Grand Jury Resistance: One Size Does Not Fit All

The United States in the only nation in the Anglo-Saxon legal tradition that retains a grand jury system.  A grand jury is the prosecutor’s tool for investigating what the government deems to be possible criminal activity.  Although it has the power to bring criminal indictments as well as to compel people to testify about their activities and those of others in return for a grant of immunity from prosecution, witnesses are not permitted to have their attorneys accompany them into the grand jury room.  A witness who flatly refuses to cooperate or to testify after being granted immunity can be held in contempt, and jailed for as long as the term of the grand jury.  Thus, a resisting witness, not even charged with criminal activity, could spend months, even years in prison.

Grand juries have been used as instruments of political repression for decades.  My parents, some family members, and their friends were hauled before a grand jury in 1950.  Some, cooperated, pointed the finger at others and even helped send my parents to their deaths with their testimony.  They received reduced sentences or no prison time. Those who did not cooperate, but were not indicted, were harassed by the prosecuting authorities for many years afterwards.  Those the grand jury indicted, who were then tried and convicted, went to prison or were killed.  While the stated purpose of the grand jury was to expose criminal behavior, it also served to sow anxiety and distrust throughout the community of activists who had any connection to my parents, as well as to spread fear among the broader progressive community.  Grand juries stifle activism and dissent in this manner.

Grand juries were empanelled to combat anti-war and civil rights militants in the late 1960’s and 70’s.  They were employed against the Puerto Rican Nationalists in the 1980’s and 90’s.  After the turn of the millennium the government used them against radical environmentalists and animal rights activists.  The same tactics were repeated.  Groups of young people were investigated for political “conspiracies.”  The agents of repression attempted to turn one or more of the activists against the others in return for immunity or leniency.  This divided communities and destroyed lives, and in some cases the movements crumbled.

Many stood up to the grand juries.  Some like my parents, who refused to cooperate, were tried, convicted and received massive prison sentences.  Other refused to testify, were jailed for contempt and ultimately released when the grand jury concluded its fishing expedition.  Over the years, this limited the effectiveness of some grand juries, but every instance caused distress, even panic, among some in the targeted community.

Over time, some people beset by grand juries have developed a code of conduct to thwart these inquisitions.  It is simple: refuse to say anything under any circumstance.  Right now there are individuals in prison who have followed this path.  They are taking a brave and principled stand and deserve all the support the community can give them.  The Rosenberg Fund for Children makes grants to some of these resisters who fall within our guidelines because we consider them targeted, progressive, activist youth.

But others, even those who start out intending to resist, break down under pressure and to one degree or another “cooperate.”  Some of those who follow this course are vilified and ostracized by their former friends and colleagues.  While this is understandable, sometimes it furthers the ends of the oppressors by spreading a circle of discord within the community.  I believe that we should not presume the worst of those who do not follow the course of absolute and complete non-cooperation, especially if we do not know the details of their circumstances.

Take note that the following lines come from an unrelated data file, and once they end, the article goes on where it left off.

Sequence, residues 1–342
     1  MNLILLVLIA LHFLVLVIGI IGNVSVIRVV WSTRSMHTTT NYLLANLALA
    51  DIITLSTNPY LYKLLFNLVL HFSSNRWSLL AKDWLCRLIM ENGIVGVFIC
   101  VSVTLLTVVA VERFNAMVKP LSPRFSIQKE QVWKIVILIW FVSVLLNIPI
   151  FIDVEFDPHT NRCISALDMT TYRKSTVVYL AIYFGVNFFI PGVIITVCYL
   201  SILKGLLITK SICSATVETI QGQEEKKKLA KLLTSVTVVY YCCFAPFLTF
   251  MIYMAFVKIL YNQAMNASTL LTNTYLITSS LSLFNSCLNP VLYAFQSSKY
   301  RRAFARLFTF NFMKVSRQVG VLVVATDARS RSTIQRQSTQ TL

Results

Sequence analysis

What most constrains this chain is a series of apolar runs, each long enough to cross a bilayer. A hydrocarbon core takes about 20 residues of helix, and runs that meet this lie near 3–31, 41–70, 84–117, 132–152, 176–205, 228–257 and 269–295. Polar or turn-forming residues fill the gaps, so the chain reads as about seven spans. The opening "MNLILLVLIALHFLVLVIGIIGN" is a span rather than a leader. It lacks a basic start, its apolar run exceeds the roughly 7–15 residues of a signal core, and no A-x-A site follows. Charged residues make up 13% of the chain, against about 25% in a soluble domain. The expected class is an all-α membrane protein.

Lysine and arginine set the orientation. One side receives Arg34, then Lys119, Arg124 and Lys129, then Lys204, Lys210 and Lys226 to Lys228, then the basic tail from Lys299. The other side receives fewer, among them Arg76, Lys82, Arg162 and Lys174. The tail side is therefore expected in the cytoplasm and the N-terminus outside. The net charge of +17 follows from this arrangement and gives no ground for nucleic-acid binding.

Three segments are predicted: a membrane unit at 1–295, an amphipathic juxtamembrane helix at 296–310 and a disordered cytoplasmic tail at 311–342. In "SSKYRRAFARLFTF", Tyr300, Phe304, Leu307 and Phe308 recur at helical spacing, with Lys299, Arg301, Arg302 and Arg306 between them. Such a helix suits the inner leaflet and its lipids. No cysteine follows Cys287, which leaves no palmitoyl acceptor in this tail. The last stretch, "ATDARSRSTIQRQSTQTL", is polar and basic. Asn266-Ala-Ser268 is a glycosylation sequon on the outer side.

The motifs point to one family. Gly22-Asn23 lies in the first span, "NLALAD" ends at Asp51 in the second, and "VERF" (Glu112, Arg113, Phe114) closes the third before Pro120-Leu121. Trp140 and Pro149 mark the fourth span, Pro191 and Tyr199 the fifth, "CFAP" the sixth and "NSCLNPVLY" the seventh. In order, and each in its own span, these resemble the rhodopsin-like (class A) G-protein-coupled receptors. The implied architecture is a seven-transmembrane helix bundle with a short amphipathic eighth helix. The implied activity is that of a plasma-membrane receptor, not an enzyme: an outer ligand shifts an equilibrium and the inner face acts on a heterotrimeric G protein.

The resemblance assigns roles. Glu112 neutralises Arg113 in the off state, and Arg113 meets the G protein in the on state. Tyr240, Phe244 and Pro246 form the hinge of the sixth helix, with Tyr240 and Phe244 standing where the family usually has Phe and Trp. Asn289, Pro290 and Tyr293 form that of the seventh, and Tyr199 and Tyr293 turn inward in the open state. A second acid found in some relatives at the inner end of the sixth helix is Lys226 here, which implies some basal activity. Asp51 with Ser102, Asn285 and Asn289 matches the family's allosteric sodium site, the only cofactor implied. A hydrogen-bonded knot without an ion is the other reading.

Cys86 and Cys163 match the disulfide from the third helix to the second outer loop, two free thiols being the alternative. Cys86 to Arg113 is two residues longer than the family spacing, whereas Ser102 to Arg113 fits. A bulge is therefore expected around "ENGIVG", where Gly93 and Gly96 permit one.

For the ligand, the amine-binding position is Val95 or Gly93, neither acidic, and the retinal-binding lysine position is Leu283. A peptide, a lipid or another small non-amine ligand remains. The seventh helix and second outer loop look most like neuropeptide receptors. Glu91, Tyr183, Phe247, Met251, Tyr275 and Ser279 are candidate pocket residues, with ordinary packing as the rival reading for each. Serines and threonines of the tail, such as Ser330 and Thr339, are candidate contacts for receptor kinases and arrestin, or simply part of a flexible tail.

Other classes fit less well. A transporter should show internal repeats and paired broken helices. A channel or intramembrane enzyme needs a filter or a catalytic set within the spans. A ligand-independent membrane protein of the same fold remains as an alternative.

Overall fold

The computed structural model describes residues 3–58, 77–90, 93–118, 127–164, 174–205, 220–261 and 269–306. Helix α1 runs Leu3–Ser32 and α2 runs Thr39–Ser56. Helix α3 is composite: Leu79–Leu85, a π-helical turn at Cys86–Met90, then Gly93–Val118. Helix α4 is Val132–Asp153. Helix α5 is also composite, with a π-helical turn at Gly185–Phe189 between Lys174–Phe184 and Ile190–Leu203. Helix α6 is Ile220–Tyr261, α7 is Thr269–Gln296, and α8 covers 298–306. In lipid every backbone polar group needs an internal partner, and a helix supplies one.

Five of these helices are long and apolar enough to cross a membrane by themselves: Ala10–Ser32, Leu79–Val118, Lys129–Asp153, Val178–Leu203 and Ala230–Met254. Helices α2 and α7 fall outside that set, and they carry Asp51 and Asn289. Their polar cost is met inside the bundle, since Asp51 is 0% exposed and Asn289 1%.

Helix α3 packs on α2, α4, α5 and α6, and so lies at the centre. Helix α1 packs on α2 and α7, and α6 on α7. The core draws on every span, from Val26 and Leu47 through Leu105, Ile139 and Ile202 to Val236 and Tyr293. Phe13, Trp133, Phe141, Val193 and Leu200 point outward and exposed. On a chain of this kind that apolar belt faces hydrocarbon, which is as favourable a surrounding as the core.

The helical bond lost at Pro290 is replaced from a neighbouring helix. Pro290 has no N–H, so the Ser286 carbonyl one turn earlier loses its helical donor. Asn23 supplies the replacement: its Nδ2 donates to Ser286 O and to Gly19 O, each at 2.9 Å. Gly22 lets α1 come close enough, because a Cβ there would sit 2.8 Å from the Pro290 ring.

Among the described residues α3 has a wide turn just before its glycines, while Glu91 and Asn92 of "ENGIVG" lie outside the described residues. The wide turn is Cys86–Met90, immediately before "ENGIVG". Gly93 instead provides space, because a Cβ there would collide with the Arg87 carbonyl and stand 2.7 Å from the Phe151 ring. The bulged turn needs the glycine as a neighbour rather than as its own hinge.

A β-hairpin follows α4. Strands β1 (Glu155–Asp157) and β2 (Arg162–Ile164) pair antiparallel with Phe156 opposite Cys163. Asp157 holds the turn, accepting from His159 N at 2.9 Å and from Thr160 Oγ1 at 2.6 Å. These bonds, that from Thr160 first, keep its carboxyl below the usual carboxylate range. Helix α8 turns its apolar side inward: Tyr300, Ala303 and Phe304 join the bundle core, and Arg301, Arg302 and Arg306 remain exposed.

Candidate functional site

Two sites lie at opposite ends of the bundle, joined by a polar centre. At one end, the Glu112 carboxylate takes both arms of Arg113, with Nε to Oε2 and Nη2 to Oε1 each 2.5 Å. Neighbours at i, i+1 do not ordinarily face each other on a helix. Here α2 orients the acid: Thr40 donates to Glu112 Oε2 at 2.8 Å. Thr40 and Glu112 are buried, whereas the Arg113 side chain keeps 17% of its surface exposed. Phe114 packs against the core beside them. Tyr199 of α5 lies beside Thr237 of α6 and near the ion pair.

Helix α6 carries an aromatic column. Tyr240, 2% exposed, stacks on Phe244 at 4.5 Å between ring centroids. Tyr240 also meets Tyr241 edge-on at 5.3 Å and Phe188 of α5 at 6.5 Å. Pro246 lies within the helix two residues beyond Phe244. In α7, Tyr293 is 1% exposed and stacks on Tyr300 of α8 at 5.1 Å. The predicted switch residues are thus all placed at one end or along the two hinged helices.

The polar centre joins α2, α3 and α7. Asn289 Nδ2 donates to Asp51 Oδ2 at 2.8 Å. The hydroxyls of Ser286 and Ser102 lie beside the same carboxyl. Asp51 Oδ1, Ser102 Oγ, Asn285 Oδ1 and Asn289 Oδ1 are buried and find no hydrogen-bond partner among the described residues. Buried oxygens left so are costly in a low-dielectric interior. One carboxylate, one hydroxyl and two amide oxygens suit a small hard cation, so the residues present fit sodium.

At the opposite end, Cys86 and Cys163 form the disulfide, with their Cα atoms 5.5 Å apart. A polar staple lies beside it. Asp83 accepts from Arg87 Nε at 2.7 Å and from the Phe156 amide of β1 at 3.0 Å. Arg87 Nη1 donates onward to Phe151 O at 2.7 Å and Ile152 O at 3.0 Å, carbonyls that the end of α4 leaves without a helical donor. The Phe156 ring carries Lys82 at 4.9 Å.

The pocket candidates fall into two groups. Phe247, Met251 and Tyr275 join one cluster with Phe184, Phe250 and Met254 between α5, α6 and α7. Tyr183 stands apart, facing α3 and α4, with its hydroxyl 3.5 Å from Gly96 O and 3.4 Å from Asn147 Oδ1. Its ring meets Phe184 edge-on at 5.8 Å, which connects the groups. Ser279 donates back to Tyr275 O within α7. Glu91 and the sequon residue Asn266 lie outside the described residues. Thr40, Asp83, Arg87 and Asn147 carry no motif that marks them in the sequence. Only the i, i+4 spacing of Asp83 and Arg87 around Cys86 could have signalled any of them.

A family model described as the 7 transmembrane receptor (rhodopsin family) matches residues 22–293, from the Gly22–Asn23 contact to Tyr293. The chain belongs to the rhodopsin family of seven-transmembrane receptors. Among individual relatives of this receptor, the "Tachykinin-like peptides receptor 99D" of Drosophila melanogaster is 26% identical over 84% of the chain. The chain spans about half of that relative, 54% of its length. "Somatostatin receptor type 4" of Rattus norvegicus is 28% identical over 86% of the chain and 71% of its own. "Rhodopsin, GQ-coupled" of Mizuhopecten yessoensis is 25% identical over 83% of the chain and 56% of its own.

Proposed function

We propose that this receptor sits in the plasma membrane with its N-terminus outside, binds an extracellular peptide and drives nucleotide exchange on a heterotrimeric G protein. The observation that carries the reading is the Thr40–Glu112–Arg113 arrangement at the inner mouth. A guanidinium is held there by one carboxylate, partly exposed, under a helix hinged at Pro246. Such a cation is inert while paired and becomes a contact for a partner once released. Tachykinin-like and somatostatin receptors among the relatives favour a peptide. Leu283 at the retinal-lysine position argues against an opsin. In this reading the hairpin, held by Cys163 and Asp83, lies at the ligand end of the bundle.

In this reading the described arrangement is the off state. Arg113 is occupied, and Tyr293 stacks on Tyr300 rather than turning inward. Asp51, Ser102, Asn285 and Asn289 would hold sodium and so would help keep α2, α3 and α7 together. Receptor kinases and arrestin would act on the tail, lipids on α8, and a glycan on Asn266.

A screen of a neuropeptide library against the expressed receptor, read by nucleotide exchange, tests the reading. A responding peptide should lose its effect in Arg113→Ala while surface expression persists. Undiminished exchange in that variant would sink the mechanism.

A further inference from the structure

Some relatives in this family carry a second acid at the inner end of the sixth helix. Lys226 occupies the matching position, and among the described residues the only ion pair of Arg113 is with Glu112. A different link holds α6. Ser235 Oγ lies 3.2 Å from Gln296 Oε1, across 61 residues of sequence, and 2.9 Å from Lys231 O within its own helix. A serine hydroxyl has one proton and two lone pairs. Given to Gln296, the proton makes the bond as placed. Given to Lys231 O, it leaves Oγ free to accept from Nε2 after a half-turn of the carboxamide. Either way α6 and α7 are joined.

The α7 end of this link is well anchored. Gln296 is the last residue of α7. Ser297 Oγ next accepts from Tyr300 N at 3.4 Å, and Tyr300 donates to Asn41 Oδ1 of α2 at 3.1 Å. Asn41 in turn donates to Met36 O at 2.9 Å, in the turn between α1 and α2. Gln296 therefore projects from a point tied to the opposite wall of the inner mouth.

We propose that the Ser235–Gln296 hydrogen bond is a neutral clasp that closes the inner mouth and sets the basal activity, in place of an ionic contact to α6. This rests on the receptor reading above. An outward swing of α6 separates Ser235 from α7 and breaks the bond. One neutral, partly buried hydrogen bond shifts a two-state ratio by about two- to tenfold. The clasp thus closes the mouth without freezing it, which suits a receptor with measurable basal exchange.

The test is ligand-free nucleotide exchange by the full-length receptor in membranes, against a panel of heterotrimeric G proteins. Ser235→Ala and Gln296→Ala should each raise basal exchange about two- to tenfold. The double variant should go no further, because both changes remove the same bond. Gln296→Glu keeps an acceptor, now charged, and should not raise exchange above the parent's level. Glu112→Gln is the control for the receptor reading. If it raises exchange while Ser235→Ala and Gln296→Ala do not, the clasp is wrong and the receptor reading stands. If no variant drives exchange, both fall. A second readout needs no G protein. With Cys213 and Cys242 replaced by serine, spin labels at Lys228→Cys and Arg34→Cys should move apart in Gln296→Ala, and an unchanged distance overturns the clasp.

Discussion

I am one of the last people on earth to defend those who turn states’ evidence and send their former comrades to prison.  David and Ruth Greenglass ratted out my parents and sent them to their deaths when I was six years old.  I feel disgust when I think about them.  However, while I fervently hope that I could display the same courage that my parents did, until I am in the same position in which they and the Greenglasses were placed, I can’t be sure how I’d react.

My adoptive father, Abel Meeropol, was called before The Rapp-Coudert Committee.  This was the unofficial name of the Joint Legislative Committee to Investigate the Educational System of the State of New York.  Between 1940 and 1942, this Committee held hearings into “communist infiltration” of the New York State public school system.  This hunt for witches caused dozens to lose their jobs and Abel Meeropol, who during that time taught high school English, could have been one of them.

Abel Meeropol did not refuse to testify.  Instead he lied and evaded.  He denied being a member of the Communist Party, but he was.  I remember him telling me in the 1970’s that he “developed a very bad memory.”  I suppose he could have faced a perjury charge, but he got away with it.  No one ostracized Abel Meeropol because he testified.  While some tactics were admired more than the course Abel took, the prevailing attitude was that as long as you did not finger others, you had acted honorably.

I think today’s activists should take the same, more nuanced view of how we treat those called before grand juries.  We should let people resist as best they can.  Let’s not adopt an absolute rule and have a negative, knee-jerk response to anyone who does not adhere to it.  This should be particularly so for those who have not personally experienced a grand jury’s coercive power.

I hope if I ever face a grand jury that I will have the strength not to aid the forces of repression.  If I avoid doing that, I’ll be able to live with however I handle it.


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